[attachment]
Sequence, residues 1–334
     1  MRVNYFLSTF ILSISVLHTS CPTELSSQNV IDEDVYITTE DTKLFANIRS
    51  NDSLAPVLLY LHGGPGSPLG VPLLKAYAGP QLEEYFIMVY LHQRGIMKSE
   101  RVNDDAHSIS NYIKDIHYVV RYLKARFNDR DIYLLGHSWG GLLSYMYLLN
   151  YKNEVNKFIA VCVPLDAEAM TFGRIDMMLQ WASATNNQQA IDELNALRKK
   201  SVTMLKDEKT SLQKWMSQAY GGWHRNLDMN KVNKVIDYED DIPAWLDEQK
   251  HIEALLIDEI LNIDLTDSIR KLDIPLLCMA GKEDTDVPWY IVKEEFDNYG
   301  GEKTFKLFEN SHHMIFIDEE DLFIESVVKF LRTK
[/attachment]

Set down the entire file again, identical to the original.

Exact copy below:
Sequence, residues 1–334
     1  MRVNYFLSTF ILSISVLHTS CPTELSSQNV IDEDVYITTE DTKLFANIRS
    51  NDSLAPVLLY LHGGPGSPLG VPLLKAYAGP QLEEYFIMVY LHQRGIMKSE
   101  RVNDDAHSIS NYIKDIHYVV RYLKARFNDR DIYLLGHSWG GLLSYMYLLN
   151  YKNEVNKFIA VCVPLDAEAM TFGRIDMMLQ WASATNNQQA IDELNALRKK
   201  SVTMLKDEKT SLQKWMSQAY GGWHRNLDMN KVNKVIDYED DIPAWLDEQK
   251  HIEALLIDEI LNIDLTDSIR KLDIPLLCMA GKEDTDVPWY IVKEEFDNYG
   301  GEKTFKLFEN SHHMIFIDEE DLFIESVVKF LRTK